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Oil prices rise again ahead of Opec+ talks on Wednesday

An employee inspects a well head in the Yarakta oil field in Siberia. Russia's oil output has been hit by Ukrainian drone attacks on facilities Reuters/Vasily Fedosenko
An employee inspects a well head in the Yarakta oil field in Siberia. Russia's oil output has been hit by Ukrainian drone attacks on facilities
  • Brent gained 15% in Q1
  • West Texas Intermediate up 10%
  • Signs of recovery in China

Crude oil prices consolidated on Monday, following a run of increases in the first quarter, fuelled by signs of recovery in China, tighter supplies by the Opec+ producers and geopolitical tensions.

Brent was trading slightly higher at $87.28 a barrel in the morning, while West Texas Intermediate rose to $83.45.

Brent has gained about 15 percent over Q1 and WTI is up about 10 percent. Analysts expect this upward trend to continue into the second quarter.

“We’re looking for new all-time highs,” Omar Najia, global head of derivatives at BB Energy, told the Gulf Intelligence podcast on Monday. “The trend is higher [for oil], as is the trend in gold, S&P, bitcoin and inflation.”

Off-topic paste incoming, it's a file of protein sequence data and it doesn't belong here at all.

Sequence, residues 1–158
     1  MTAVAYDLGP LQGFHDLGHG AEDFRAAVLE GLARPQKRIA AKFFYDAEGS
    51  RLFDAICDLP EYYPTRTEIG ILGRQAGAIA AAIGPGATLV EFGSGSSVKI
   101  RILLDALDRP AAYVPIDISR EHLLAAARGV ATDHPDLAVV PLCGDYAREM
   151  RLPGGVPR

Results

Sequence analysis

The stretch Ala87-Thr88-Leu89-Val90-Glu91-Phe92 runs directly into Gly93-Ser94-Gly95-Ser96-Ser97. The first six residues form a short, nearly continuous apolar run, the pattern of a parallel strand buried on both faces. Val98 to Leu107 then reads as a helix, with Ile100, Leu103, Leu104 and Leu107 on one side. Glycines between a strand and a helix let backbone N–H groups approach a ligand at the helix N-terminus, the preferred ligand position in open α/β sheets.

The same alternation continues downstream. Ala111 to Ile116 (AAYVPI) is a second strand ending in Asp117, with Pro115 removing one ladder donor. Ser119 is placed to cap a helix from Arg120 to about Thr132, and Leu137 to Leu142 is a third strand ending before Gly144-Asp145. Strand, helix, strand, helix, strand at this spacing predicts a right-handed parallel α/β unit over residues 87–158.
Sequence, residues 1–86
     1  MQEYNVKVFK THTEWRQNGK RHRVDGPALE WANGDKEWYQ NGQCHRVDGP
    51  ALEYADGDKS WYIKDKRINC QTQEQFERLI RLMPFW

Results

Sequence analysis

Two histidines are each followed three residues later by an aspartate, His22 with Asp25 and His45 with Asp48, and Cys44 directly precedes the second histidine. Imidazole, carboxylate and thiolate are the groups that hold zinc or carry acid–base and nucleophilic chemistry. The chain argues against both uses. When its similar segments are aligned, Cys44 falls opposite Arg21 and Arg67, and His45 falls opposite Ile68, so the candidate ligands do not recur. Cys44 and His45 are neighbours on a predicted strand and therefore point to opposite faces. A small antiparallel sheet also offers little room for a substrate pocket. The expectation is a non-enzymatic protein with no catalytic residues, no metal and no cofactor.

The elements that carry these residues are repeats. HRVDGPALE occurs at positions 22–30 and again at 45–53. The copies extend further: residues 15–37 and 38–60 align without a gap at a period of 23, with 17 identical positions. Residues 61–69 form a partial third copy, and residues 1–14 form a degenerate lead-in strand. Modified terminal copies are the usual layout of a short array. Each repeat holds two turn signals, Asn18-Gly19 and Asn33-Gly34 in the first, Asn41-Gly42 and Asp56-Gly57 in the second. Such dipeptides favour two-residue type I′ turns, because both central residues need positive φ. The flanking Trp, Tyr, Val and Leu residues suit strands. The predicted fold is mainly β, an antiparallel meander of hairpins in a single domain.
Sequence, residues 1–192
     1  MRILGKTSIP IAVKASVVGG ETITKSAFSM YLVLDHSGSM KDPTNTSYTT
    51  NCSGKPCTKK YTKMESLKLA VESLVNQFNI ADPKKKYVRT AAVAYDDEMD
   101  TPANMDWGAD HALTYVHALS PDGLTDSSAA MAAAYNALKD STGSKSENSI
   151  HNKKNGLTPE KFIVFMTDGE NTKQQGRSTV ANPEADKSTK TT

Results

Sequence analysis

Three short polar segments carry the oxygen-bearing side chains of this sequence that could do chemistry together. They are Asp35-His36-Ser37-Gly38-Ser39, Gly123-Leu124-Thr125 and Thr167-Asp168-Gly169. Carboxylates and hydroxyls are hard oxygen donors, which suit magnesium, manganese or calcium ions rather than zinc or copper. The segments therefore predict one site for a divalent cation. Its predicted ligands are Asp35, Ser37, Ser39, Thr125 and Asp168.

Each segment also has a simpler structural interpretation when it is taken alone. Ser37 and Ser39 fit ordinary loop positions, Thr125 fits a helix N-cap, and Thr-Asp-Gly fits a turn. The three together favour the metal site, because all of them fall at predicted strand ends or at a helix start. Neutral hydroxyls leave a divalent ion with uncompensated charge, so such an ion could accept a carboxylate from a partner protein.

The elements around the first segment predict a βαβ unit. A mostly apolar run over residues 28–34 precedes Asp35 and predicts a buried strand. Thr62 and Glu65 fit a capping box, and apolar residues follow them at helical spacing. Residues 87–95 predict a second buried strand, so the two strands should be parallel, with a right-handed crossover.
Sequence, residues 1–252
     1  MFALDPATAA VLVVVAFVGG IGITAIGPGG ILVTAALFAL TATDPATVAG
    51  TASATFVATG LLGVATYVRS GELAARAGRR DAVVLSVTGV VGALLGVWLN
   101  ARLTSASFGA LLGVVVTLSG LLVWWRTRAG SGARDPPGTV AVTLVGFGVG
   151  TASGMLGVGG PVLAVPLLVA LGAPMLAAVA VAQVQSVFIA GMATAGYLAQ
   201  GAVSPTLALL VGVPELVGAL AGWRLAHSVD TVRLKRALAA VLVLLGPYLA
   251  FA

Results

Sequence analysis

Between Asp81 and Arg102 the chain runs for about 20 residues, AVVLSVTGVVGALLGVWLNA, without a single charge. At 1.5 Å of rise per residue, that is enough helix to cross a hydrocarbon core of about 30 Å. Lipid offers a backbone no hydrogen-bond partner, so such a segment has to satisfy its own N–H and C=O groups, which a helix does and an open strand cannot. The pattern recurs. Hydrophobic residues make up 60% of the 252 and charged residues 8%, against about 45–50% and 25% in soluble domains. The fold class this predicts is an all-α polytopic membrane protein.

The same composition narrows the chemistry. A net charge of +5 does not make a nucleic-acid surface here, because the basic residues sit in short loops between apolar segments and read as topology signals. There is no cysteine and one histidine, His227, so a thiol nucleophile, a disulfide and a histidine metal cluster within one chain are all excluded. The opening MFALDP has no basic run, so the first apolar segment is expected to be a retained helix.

Ole Hansen, Saxo Bank’s head of commodity strategy, said in a note last week: “Crude oil continues to be supported by geopolitical uncertainty amid Ukraine drone attacks on Russian oil infrastructure, extended Opec+ production cuts, including Russia’s recent pledge to make extra cuts and signs of gasoline consumption strength.” 

Russian oil processing capacity is down almost 1 million barrels per day (bpd) as a result of the strikes on its refineries.

Elevated tensions in the Middle East are also underpinning oil prices.

On the demand side, the outlook benefits from an increase in manufacturing activity in China, the world’s largest crude importer. The rise in March was the first in six months.

In Europe, annual oil demand was up 100,000 bpd in February, a higher than expected increase. Goldman Sachs has forecast a 200,000 bpd contraction in 2024.

US oil production dropped 6 percent in January, according to data from the Energy Information Administration.

Opec+ will hold an online ministerial committee meeting on Wednesday. Market observers expect the oil producers’ group led by Saudi Arabia and Russia to maintain its output policy, in an attempt to push prices higher.

Opec+ has extended its output cuts of 2.2 million barrels per day until the end of June, as the impact of its supply curbs is offset by increased production from outside the bloc.

Investors are also watching for interest rate cuts from the US Federal Reserve, which will boost the global economy and oil demand.

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